People wear traditional dress and hold colourful lanterns in celebration of the Mid-Autumn Festival at Sik Sik Yuen’s Lantern Carnival in Wong Tai Sin, Hong Kong, on September 10. Photo: Xiaomei Chen
April Zhang
April Zhang

Classical Chinese literature is having a moment. Can it boost soft power?

  • Tesla CEO Elon Musk, astronaut Samantha Cristoforetti and director Chloe Zhao have made classical Chinese literature cool and shown that it can foster goodwill towards China
  • Whether Beijing can capitalise on Chinese literature in its soft power push, though, remains open to question
Last November, Tesla CEO Elon Musk tweeted an ancient Chinese poem about beans. Immediately, people began to discuss the highly allegorical poem about a dispute between brothers, and to speculate on Musk’s intentions.

When I saw this, I had a chuckle: the world was learning a Chinese poem that every child in China probably knew by heart.

But another recent incident prompted me to think that there may be more to it.

Earlier this month, Italian astronaut Samantha Cristoforetti posted some photos on Twitter while the International Space Station (ISS) she was on was passing over China. She attached several lines from another famous ancient Chinese poem.

Thus, China’s presence was felt on the ISS, a project the country is banned from. That this presence came in the unexpected form of an old poem had a favourable impact.


Italian astronaut goes viral for sharing ancient poem and pictures above China in space

Italian astronaut goes viral for sharing ancient poem and pictures above China in space
I also recalled film director Chloe Zhao. In April last year, as she accepted the Academy Award for her film Nomadland, the world heard her quoting from an old Chinese children’s textbook, Three Character Classic.
Although small, these incidents show that classical Chinese literature has the ability to foster goodwill and genuine interest towards China and Chinese culture. It is non-coercive and stands in startling contrast to the authoritarian, “wolf warrior” image that modern China has in the West. It is a form of soft power that China needs.

As an economic heavyweight, China lacks soft power. While American media products are consumed worldwide, and Japan and South Korea have had great success exporting their pop culture, Chinese music and films have gained little clout overseas.

Even in countries where China invests, people have not fallen in love with Chinese culture the way they have with American cultural brands.

There is also a lack of attraction at home. In 2015, China’s middle class swelled to 109 million, becoming the most populous in the world – and a major consumer of Western luxury brands.

For Chinese culture to be a global hit, look to J-pop and hallyu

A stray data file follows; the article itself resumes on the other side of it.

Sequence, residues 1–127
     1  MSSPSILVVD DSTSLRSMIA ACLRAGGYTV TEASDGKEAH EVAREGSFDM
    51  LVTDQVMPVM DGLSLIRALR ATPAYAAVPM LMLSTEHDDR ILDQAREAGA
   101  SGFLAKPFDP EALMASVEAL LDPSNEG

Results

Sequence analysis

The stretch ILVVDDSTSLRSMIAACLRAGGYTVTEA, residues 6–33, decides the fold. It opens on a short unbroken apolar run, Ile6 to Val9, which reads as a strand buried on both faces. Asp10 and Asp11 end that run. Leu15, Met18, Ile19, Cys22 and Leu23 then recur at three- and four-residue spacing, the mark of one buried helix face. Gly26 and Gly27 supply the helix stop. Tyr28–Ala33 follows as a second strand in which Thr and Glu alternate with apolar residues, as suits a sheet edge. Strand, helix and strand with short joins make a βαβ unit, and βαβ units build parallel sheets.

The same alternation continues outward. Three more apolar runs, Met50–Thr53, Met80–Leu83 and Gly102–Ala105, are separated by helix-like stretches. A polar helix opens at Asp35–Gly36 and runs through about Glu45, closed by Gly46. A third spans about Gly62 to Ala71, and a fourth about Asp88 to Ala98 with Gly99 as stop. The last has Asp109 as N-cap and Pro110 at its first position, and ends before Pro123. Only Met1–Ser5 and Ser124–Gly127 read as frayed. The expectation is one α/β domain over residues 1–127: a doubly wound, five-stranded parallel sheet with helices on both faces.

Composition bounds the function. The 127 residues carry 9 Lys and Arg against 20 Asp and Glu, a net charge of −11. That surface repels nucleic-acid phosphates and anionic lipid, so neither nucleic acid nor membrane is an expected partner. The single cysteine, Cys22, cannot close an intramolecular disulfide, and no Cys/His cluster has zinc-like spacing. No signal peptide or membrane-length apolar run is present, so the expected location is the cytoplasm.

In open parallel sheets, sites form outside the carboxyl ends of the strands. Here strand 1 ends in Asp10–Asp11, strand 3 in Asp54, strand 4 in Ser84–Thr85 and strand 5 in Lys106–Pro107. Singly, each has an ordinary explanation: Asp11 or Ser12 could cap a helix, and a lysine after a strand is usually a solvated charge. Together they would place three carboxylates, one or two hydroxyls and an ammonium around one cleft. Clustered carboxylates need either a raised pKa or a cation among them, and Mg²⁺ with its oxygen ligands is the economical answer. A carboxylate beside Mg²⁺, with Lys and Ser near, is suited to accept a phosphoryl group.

China is aware of the need to boost its soft power and has taken steps in this direction, the most noticeable being the Confucius Institutes. Since 2004, China has set up hundreds of Confucius Institutes across the globe to teach Chinese and promote cultural exchange.

But in recent years, the government-linked programme has been criticised as a tool of China’s national propaganda and accused of interfering with academic freedom in universities. Many such institutes have shut or are being replaced. Under these circumstances, they can no longer drive China’s soft power ambitions.

Last year, the Chinese authorities designated 29 locations as China’s cultural production centres, aiming to become a powerhouse cultural exporter. But unless China relaxes its tight control over its cultural industries, content creation will continue to be stifled. This is a self-imposed hindrance to China’s ability to challenge other countries’ established cultural reputations.
Although China’s attempts to expand its soft power are mired in difficulty, they represent a healthier direction than the coercion and intimidation at the core of today’s geopolitical tensions.
Coercion is a trait of hard power, which has proved ineffective and even had detrimental consequences. Just look at the United States and Europe. Sanctions and weapons have not won them the Ukraine war; instead, they have dragged them further into economic crisis. As American political scientist Joseph Nye, who coined the term “soft power”, noted, it was American television and films that won the Cold War long before the Berlin Wall fell.


Ancient ‘book doctors’ restore historical Chinese literature

Ancient ‘book doctors’ restore historical Chinese literature
Television and films are more powerful than guns. Although China has not produced hit television shows like Squid Game or Game of Thrones, the country has something no one else has. With thousands of years of literary history, China has amassed a body of classical Chinese literature that is still amazingly alive today.

When Musk used a 1,800-year-old Chinese poem, he made it cool. When Cristoforetti used a 1,600-year-old Chinese poem to connect with Earth, she made it appealing. When Zhao used an 800-year-old Chinese textbook to explain her views on the world and on human nature, people listened.

Will the Chinese authorities be able to use classical Chinese literature to enhance the country’s image, tell its stories and expand its soft power? That remains the issue.

April Zhang is the founder of MSL Master and the author of the Mandarin Express textbook series and the Chinese Reading and Writing textbook series